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Harry Potter and the Half-Baked Posts
Harry Potter's long awaited seventh volume made its debut Friday night, and everywhere, children dressed up as Harry, Hermione or Ron, and waited anxiously for the final tome to hit the shelves at midnight. Bookstores and libraries hosted parties where even grownups dressed up as the characters they most closely identify with. One pharma blogger was reportedly spotted in the Boston area taking
part in the gentle revelry.
He is one of my favorite bloggers, with a penetrating wit, great insights, and a justifiably huge following. I read both of his blogs as often as I can and genuinely look forward to meeting him in person here in Chicago when he chairs a healthcare blogging panel in September. And I don't mean any of this maliciously. I just want to learn how to use PhotoShop, since he and so many of the other bloggers I admire use it to such devastating effect. So often, against each other.
In two successive posts on his blog on Friday, John Mack poked light-hearted fun at whistleblowers in general (in light of a former Novartis employee's allegations), and at Peter Rost and Ed Silverman in particular, for their coverage of his case. Lest anyone think that he is too pro-pharma, Mack also nudged the industry for its employment and other practices and the downsizing trend. The posts made fun of everyone and, for benefit of the obtuse, were clearly tagged satire.
But his posts were also a bit mean spirited, not only to the bloggers involved but to those industry employees "too old or too lazy to do their jobs" who blow the whistle on practices they disagree with. David Olagunju doesn't appear to fit either category, whether or not his allegations stand up to scrutiny in court. Mack playfully quoted a clone of the lawyer representing Mr. Olagunju,who was interviewed by Rost and Silverman, in a satirical and characteristically funny Whistleblowing for Dummiesâ€? parody (rivalled recently only by the mysterious Burma Shave riffs).
"Usually, they blow the whistle just before they are fired or are expected to lose their jobs because of mergers or downsizing,"says Sedgwick Knocks, Esq.,whose firm has represented over 100 whistleblowers, many of whom are former pharmaceutical executives who either hated their new bosses, were too old or lazy to do their jobs or just amassed enough evidence in their garages to allow them to retire early."These days, says Sedgwick, mid-level managers are never assured that they will reach retirement. More and more, they are being marginalized in dead end jobs or terminated just before they are vested in their retirement plans it is essential therefore that every manager prepare for the day when he or she may have to blow the whistle."
I can understand why John would want to lampoon the whole whistleblower expose trend, which has picked up great momentum in pharma since the precedent-setting Buckets of Money story broke at AstraZeneca last April. After all, there is always a GOTCHA! lurking in Peter Rosts blog. He doesn't bother to disguise his glee at uncovering even the slightest hint of evildoing at Pfizer and other drug companies. No doubt that's annoying to many people in the industry that helped shape his unusual career path.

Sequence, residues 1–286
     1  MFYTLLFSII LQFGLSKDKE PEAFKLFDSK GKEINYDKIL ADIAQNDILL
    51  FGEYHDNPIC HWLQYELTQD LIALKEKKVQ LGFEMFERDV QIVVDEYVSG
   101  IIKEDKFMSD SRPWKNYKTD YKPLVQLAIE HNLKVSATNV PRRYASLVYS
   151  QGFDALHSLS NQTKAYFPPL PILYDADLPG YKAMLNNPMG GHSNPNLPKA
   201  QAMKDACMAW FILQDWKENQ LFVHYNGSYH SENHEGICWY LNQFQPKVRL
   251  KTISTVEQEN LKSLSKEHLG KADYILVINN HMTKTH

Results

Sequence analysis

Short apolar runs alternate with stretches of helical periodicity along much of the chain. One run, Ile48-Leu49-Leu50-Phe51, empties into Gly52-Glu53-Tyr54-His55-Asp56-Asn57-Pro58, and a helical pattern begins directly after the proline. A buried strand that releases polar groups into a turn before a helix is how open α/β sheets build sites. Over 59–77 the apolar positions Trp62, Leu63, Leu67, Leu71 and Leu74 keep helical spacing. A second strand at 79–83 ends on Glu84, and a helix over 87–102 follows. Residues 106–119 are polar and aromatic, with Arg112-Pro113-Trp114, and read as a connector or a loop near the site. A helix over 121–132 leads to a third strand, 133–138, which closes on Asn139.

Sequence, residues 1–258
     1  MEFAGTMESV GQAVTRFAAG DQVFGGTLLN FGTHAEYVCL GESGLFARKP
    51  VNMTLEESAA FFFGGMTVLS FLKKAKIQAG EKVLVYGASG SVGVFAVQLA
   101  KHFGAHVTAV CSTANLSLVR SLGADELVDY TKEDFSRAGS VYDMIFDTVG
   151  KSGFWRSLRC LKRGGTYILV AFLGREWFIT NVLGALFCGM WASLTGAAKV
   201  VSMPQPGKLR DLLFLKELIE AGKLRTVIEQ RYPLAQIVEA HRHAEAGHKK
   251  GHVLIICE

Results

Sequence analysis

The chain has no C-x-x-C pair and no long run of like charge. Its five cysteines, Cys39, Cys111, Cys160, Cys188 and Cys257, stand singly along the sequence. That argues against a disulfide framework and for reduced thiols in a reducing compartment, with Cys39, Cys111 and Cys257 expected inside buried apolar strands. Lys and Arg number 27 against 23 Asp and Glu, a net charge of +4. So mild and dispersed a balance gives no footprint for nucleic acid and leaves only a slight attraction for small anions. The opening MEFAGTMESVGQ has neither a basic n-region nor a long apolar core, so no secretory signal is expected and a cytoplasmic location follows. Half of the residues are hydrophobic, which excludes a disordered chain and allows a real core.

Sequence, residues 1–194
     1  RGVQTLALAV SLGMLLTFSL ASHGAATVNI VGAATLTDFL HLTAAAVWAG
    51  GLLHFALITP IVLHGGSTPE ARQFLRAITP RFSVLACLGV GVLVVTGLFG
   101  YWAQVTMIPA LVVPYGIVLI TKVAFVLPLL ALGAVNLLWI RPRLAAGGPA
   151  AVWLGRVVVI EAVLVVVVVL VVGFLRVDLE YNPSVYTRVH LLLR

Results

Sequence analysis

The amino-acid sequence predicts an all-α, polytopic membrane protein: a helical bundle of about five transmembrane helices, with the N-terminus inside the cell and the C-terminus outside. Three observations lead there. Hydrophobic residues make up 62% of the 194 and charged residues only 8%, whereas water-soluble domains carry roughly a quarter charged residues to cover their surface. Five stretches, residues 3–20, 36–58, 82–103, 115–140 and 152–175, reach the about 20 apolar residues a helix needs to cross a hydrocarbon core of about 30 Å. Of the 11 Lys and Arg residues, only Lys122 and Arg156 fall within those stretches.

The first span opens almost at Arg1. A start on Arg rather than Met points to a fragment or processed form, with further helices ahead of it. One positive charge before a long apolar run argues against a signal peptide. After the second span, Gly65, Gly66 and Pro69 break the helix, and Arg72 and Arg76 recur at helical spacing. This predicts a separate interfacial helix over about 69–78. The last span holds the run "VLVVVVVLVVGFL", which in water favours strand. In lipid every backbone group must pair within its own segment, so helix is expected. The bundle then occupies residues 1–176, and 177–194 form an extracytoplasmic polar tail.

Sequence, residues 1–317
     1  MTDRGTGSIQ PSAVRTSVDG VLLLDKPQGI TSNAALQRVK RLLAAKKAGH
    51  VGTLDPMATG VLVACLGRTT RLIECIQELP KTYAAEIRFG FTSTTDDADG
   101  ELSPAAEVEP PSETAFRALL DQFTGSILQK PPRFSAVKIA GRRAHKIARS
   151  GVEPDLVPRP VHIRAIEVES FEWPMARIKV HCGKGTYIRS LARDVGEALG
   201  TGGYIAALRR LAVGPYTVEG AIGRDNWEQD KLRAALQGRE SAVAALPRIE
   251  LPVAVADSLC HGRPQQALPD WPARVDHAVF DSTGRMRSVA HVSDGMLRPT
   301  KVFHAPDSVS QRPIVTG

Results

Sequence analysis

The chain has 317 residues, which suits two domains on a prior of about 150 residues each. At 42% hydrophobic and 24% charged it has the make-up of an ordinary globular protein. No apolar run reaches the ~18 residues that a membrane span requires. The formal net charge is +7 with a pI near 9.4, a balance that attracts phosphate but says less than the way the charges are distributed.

But I would doubt that either Peter Rost or Ed Silverman reported on the Novartis legal case merely to gain extra notches on their already impressive Web 2.0. belts. Such stories are important because every whistleblower's allegations, even those that are eventually dismissed, contain at least some grains of truth. That's why they should all be heard.
Was David Olagunju let go for poor performance? Maybe or maybe not, but, whether or not he influenced the FDA's decision to require more time for review, allegations of clinical data doctoring deserve careful attention because they make the buckets of money and pink cupcake hijinx of last Spring look like child's play. People's lives would be directly at stake in this case, not just corporate reputations.
Mr. Olagunju appears to believe very strongly in the path he chose, all the more reason why it shouldn't be mocked. Neither should the situations of whistleblowers or the downsized, who are suddenly forced to get entrepreneurial in entirely different pursuits and industries in their 40s and 50s at the height of their creative powers (and often, ironically, when they are most loyal to their employers). It's just not funny, or fun, whether they earned $600,000 or $60,000 in a past life.
There's No Voldemort
Unlike the Potter series with its clearcut villain, in many pharma whistleblowing scenarios, the villain is not so much the individual's boss, division, company or the drug industry, but the relentless machinery of the blockbuster drug business model, which demands that every possibleÂ dollar be wrested out of every stage of a drug's life cycle, and even after patents have officially expired.
It can push good people to make the wrong choices, whether they work in sales, marketing, research, manufacturing or the CEOs office. A few years ago, one notable pharma whistleblower, whose lawsuit was eventually dismissed, recalled that a team mate once asked him, "Are we in this business to save people's lives or to make money?"
Until there are never any conflicts between these two pharma industry aims,I'd prefer to keep an open mind about every dissenting voice from within pharma (and appreciate those who make the effort and take the time to connect with them individually and tell their stories).
I'm off my soap box now. By the way, Photo Shop certainly takes a bit of effort/time to use. (Too much if you ask me). My hats off to the graphic artists who use it all the time and to all you bloggers out there for mastering it and using it with such great facility. I clearly have a lot to learn.
For what it's worth, John, if you do happen to see this, I'm still a Mack fan (90% of the time).